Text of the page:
Sandown-class Minehunter
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Sandown-class Minehunter

Sandown Class Mine Hunter HMS Ramsey Departs HMNB Clyde for the Middle East MOD 45152718.jpg
HMS Ramsey at HMNB Clyde, 2011
Class overview
NameSandown class
BuildersVosper Thornycroft, Woolston
Operators
In service1989
Completed15
Active13
Laid up1
Retired1
General characteristics
TypeMinehunter
Displacement600 t (590 long tons; 660 short tons)[1]
Length52.5 m (172 ft 3 in)
Beam10.9 m (35 ft 9 in)
Draught2.3 m (7 ft 7 in)
Propulsion
Speed13 kn (24 km/h; 15 mph)
Complement34 (accommodation for up to 40)
Sensors and
processing systems
  • Radar Type 1007 I-Band/Kelvin Hughes Ltd SharpEye navigation radar[2]
  • Sonar Type 2093
Electronic warfare
& decoys
  • SeaFox mine disposal system
  • Diver-placed explosive charges
Armament

The Sandown class is a class of fifteen minehunters built primarily for the Royal Navy by Vosper Thornycroft. The Sandown class also serve with the Royal Saudi Navy and the Estonian Navy. The first vessel was commissioned into Royal Navy service on 9 June 1989 and all the British ships are named after coastal towns and cities. They have a secondary role as offshore patrol vessels.

Development

These small (53 m, 174 ft) fibreglass vessels are single role mine hunters (SRMH) rather than minesweepers. Twelve ships were built for the Royal Navy and three ships were exported to Saudi Arabia. Three Royal Navy vessels were decommissioned following the Strategic Defence Review in 2003; Sandown (January 2005), Inverness (April 2005) and Bridport (July 2004). A further ship, Cromer, was decommissioned and transferred to a training role at the Britannia Royal Naval College in Dartmouth in 2001 as Hindostan.

The three decommissioned vessels were sold to Estonia in September 2006. They were re-equipped with TCS (Tactical Control System) and the Atlas Elektronik Seafox ROV for mine disposal. The sonar system was also updated. The first ship (ex-Sandown), delivered in 2007, has been named Admiral Cowan,[3] the second (ex-Inverness), was delivered in 2008 and named Sakala and the last (ex-Bridport) named Ugandi in 2009.

Future

The 2021 defence white paper announced that all mine countermeasures vessels in the Royal Navy would be retired during the 2020s and replaced by automated systems. It was indicated that the remaining Sandown-class ships would be retired first.[4]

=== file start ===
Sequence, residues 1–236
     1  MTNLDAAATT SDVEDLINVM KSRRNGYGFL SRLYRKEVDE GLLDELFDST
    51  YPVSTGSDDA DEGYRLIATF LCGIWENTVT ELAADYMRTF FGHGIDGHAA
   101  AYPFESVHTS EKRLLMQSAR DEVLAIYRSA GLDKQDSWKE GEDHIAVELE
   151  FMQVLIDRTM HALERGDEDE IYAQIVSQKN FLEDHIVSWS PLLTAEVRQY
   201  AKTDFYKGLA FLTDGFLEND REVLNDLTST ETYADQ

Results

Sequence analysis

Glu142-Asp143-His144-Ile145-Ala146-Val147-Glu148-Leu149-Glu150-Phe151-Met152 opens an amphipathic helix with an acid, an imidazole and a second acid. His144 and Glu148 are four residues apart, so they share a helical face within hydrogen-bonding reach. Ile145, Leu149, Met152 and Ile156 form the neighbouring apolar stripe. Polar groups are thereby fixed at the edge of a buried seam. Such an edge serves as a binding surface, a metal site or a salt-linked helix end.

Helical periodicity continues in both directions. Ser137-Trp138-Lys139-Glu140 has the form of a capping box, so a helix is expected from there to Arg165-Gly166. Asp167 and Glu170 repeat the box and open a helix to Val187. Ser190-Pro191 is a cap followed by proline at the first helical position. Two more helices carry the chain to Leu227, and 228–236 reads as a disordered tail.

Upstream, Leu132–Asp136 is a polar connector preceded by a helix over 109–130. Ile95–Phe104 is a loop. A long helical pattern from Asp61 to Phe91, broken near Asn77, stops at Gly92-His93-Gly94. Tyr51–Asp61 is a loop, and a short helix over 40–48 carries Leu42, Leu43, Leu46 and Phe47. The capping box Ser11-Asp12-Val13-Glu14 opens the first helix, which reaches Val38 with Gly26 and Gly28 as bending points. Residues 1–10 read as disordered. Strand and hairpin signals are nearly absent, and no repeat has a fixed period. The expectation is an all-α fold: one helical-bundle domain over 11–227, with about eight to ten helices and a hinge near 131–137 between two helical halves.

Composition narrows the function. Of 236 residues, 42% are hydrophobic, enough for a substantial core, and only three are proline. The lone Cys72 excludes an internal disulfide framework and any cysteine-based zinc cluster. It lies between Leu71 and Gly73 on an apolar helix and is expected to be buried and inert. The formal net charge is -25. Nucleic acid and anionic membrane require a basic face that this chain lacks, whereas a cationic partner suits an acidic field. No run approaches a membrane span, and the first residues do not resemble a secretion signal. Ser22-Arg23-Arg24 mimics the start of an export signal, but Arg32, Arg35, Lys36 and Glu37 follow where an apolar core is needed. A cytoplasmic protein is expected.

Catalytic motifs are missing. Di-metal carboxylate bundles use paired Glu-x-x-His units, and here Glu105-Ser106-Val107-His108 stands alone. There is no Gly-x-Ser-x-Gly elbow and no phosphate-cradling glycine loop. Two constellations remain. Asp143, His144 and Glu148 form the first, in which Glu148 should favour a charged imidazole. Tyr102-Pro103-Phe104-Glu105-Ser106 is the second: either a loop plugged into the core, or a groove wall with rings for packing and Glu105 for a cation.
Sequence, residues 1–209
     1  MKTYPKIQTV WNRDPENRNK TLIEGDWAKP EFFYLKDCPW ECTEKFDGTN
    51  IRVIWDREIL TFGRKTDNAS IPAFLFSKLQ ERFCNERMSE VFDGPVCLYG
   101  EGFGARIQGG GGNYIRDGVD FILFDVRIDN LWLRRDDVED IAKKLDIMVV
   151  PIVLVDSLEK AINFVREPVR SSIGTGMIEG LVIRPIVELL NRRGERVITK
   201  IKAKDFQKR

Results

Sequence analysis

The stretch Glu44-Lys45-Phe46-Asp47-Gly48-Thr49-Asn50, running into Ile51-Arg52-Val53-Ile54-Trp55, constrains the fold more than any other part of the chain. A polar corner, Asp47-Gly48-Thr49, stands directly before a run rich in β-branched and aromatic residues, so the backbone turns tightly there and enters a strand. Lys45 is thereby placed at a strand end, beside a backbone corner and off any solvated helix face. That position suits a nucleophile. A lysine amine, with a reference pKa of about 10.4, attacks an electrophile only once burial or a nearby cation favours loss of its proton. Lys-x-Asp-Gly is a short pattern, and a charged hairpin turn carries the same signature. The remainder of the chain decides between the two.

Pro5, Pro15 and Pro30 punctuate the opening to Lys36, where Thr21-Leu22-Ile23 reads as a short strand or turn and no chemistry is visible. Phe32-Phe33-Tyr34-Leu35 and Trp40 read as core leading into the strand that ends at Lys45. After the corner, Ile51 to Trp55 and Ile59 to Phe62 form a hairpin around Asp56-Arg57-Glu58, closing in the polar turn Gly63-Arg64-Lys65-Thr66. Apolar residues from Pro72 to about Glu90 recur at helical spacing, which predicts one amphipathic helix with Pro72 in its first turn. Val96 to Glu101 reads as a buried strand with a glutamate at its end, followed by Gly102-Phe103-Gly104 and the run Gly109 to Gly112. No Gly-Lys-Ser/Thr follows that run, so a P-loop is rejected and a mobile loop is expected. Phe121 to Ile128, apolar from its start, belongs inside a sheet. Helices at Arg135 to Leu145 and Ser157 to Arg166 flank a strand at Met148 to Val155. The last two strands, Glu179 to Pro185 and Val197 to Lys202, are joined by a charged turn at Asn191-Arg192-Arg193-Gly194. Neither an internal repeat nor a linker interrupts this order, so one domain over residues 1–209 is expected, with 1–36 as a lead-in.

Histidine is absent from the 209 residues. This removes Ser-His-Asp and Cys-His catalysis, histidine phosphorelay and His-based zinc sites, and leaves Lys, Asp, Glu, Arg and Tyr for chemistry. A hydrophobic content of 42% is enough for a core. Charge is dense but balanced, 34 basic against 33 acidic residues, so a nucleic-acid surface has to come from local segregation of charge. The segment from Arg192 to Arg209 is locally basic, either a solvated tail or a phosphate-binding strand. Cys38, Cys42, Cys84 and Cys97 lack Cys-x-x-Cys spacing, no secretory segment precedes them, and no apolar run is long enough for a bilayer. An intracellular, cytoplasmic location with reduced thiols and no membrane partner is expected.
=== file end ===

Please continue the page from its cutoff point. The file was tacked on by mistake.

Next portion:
In June 2021, during a visit by HMS Defender to Odessa, it was revealed that an agreement had been reached for two Sandown class ships to be transferred to the Ukrainian Navy upon decommissioning.[5]

Ships in the class

Navy Name Pennant number Builder Launched Commissioned Status
 Royal Navy Cromer M103 Vosper Thornycroft 1990 1992 Decommissioned, now a training ship at Britannia Royal Naval College (as Hindostan)
Walney M104 Vosper Thornycroft 1991 1992 Decommissioned
Penzance M106 Vosper Thornycroft 1997 1998 In active service
Pembroke M107 Vosper Thornycroft 1997 1998 In active service
Grimsby M108 Vosper Thornycroft 1998 1999 In active service
Bangor M109 Vosper Thornycroft 1999 1999 In active service
Ramsey M110 Vosper Thornycroft 1999 2000 In active service
Blyth M111 Vosper Thornycroft 2000 2001 In active service
Shoreham M112 Vosper Thornycroft 2001 2001 In active service
Naval Jack of Saudi Arabia.svg Royal Saudi Navy Al Jawf 420 Vosper Thornycroft 1993 In active service
Shaqra 422 Vosper Thornycroft 1993 In active service
Al Kharj 424 Vosper Thornycroft 1993 In active service
 Estonian Navy Admiral Cowan M313 Vosper Thornycroft 1988 1989 / 2007 In active service, former HMS Sandown 
Sakala M314 Vosper Thornycroft 1990 1991 / 2008 In active service, former HMS Inverness 
Ugandi M315 Vosper Thornycroft 1992 1993 / 2009 In active service, former HMS Bridport 

See also

References

  1. ^ "Sandown Class Mine Countermeasures Vessels - Specifications". GlobalSecurity.org. 11 July 2011. Retrieved 2014.
  2. ^ Ministry of Defence (28 January 2016). "New navigation radar system for Royal Navy". GOV.UK. Retrieved 2019.
  3. ^ "Queen Elizabeth II to Hand Ship's Badge to Estonian Navy" (PDF). Estonian Review. 16 (39): 6. 4 October 2006. Archived from the original (PDF) on 27 September 2007. Retrieved 2011.
  4. ^ "Unmanned Systems Set to Replace All Royal Navy Mine Warfare Vessels". maritime-executive.com. 24 March 2021. Retrieved 2021.
  5. ^ "UK giving two Sandown class mine hunters to Ukraine". 22 June 2021.

External links


  This article uses material from the Wikipedia page available here. It is released under the Creative Commons Attribution-Share-Alike License 3.0.

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